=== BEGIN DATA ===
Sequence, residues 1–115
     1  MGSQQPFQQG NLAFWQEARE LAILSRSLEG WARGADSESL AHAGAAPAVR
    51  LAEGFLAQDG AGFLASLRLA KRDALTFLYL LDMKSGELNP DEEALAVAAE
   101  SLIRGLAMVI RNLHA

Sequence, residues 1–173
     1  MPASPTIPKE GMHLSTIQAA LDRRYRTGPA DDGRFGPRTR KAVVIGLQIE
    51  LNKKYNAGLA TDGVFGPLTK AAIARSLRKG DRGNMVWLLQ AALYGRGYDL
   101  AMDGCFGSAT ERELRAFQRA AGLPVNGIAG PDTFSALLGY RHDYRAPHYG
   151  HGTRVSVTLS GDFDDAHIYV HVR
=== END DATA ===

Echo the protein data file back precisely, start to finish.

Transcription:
Sequence, residues 1–115
     1  MGSQQPFQQG NLAFWQEARE LAILSRSLEG WARGADSESL AHAGAAPAVR
    51  LAEGFLAQDG AGFLASLRLA KRDALTFLYL LDMKSGELNP DEEALAVAAE
   101  SLIRGLAMVI RNLHA

Sequence, residues 1–173
     1  MPASPTIPKE GMHLSTIQAA LDRRYRTGPA DDGRFGPRTR KAVVIGLQIE
    51  LNKKYNAGLA TDGVFGPLTK AAIARSLRKG DRGNMVWLLQ AALYGRGYDL
   101  AMDGCFGSAT ERELRAFQRA AGLPVNGIAG PDTFSALLGY RHDYRAPHYG
   151  HGTRVSVTLS GDFDDAHIYV HVR